Home (UK) and EU students
The University's tuition fees are normally fixed at yearly intervals and follow Government guidelines. Tuition fees for full-time postgraduate taught UK and EU students for the session 2019-20 can be found on our Postgraduate Taught tuition fees page.
International students are required to pay the full costs of their tuition in the UK with each university setting its own international fees. The University of Liverpool’s fees represent excellent value for money for a Russell Group University. How much you pay as an International postgraduate student depends on your programme of study. For full details, see our international fees for postgraduates pages.
London and Online fees
The University requires payment of tuition fees at registration for the whole of the coming academic session or for the duration of a programme that is to be completed in less than a year. However, arrangements can be made for self-supporting students to pay their tuition fees in instalments.
All instalments must be arranged with the Student Administration and Support Division. If you hold a scholarship or studentship, the awarding body should provide the Student Fees section of the Student Administration and Support Division with an acceptable guarantee of payment.
If you expect to be sponsored please ensure that your sponsors understand fully their responsibilities for your fees and maintenance and that they are prepared to honour them for the duration of your studies in Liverpool.
If your sponsor does not provide an acceptable guarantee of payment, or defaults on their guarantee, you will become responsible for the payment of fees yourself. Unfortunately, the University is not able to provide financial aid or waive fees for students whose arrangements for financial support fail during the period of their studies.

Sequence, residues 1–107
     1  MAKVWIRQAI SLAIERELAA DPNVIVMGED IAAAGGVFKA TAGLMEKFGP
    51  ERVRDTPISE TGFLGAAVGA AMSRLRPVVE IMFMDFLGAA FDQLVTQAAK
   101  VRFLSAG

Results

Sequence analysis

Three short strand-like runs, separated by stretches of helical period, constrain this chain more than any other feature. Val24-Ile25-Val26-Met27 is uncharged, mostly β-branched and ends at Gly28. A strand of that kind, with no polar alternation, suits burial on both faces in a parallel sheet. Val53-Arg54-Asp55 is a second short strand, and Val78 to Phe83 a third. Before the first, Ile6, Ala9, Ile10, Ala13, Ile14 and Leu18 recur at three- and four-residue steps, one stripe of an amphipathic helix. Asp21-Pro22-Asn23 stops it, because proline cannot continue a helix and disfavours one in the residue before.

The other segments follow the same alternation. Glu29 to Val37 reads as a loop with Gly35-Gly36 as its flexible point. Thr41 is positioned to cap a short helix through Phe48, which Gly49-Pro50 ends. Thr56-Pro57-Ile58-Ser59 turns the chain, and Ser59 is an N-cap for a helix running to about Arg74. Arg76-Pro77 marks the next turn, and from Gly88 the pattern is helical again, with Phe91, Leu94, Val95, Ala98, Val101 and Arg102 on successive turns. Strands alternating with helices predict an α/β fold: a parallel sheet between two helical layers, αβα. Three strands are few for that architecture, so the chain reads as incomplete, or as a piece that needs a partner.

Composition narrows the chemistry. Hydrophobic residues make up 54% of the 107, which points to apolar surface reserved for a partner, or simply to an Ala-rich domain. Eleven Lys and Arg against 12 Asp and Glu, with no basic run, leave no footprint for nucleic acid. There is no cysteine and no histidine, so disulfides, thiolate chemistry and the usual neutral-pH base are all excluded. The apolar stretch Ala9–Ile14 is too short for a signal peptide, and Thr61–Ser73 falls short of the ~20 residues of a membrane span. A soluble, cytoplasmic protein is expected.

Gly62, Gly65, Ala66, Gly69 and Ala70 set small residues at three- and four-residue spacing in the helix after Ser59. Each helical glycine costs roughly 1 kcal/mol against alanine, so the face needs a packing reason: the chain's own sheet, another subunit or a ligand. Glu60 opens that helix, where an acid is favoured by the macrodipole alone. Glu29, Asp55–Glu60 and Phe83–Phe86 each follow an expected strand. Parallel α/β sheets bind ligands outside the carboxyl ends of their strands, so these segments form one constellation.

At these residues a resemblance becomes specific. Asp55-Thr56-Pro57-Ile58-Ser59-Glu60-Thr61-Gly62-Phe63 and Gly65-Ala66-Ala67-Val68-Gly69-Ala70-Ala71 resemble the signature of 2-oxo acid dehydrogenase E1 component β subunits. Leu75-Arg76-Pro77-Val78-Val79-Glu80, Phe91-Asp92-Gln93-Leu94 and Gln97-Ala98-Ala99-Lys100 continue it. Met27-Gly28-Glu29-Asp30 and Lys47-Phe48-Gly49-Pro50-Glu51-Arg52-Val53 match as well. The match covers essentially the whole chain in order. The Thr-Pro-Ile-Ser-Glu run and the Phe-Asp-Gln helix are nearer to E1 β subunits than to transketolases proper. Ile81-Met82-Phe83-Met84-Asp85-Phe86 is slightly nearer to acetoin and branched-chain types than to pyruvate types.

Transfer funds from abroad
International students will need to ensure that they can bring sufficient funds with them for living expenses, as well as for payment of fees, or have sufficient funds sent to them in instalments throughout the year. Students from countries which operate strict foreign exchange controls should make sure that permission can be obtained for the transmission of adequate funds.
The recommended maintenance budget to cover the costs of accommodation, meals, clothing, transport and other personal expenditure for a single person is around £6,500 to £7,500 per year depending on your lifestyle.
The recommended minimum budget for a husband and wife without children is £12,500 for a year; you should allow an additional £2,000 for each child.
We want to try and help you prepare for the day-to-day costs of studying. These might include things like photocopying in the library, buying textbooks and specialist equipment or going on field classes. We have put together tables of additional costs for guidance, for each subject area, including where departments make contributions towards these costs. See our study costs page.